The Real Ben Bernanke
The market reaction to Ben Bernanke’s nomination as Fed Chair has been disappointing. The implication that Bernanke is somehow more inflation friendly than Greenspan reveals profound ignorance about Bernanke’s thinking. This view largely stems from two speeches given during the 2002-2003 deflation scare, in which Bernanke canvassed various quantitative approaches to monetary policy that might be used as an alternative to the Fed funds rate should the zero bound become a binding constraint. Bernanke’s willingness to canvass unconventional approaches to monetary policy should if anything be welcomed. I suspect very few of the people who derisively refer to ‘printing press Ben’ have bothered to even read these speeches, much less understood their significance or context. It is interesting that Bernanke’s nomination has attracted endorsement from libertarian economists like Tyler Cowen, Bryan Caplan and even qualified support from an arch free banker like Larry White. Those on the libertarian right who have criticised Bernanke do so largely out of ignorance, but it seems these silly prejudices against Bernanke have wider currency given the market reaction to his nomination.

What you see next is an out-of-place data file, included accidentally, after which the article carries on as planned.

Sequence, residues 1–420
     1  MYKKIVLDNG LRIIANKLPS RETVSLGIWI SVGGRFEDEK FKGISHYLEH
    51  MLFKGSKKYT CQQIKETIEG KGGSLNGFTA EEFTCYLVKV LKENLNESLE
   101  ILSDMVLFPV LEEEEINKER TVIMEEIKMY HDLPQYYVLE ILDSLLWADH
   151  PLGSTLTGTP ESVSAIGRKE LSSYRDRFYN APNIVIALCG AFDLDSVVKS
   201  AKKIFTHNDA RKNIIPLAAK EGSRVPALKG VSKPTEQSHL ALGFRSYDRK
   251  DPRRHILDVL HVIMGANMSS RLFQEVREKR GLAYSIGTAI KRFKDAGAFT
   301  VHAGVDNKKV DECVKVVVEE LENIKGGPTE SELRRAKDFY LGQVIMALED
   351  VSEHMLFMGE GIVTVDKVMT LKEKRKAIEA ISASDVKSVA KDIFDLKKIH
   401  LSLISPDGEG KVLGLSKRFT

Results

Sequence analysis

The negative market reaction to Bernanke’s nomination is also disappointing in the sense that it shows that the credibility of the Fed resides largely in the position of Chairman, not the institution itself. This is the unfortunate legacy of Greenspan’s highly discretionary approach to Fed policy and hostility to inflation targeting. I suspect that reform of Fed governance is high on Bernanke’s agenda. Bernanke’s interest in inflation targeting is particularly promising in this regard. The WSJ’s reference to a ‘Bernanke Standard’ misses an important point: Bernanke may well end up presiding over the de-personalisation of US monetary policy, elevating process above personality.
Finally, it should be noted that Bernanke’s nomination is another event the prediction markets got ‘right,’ in the sense that the Bernanke contract was consistently the highest priced contract for next Fed Chair on Intrade.
posted on 25 October 2005 by skirchner
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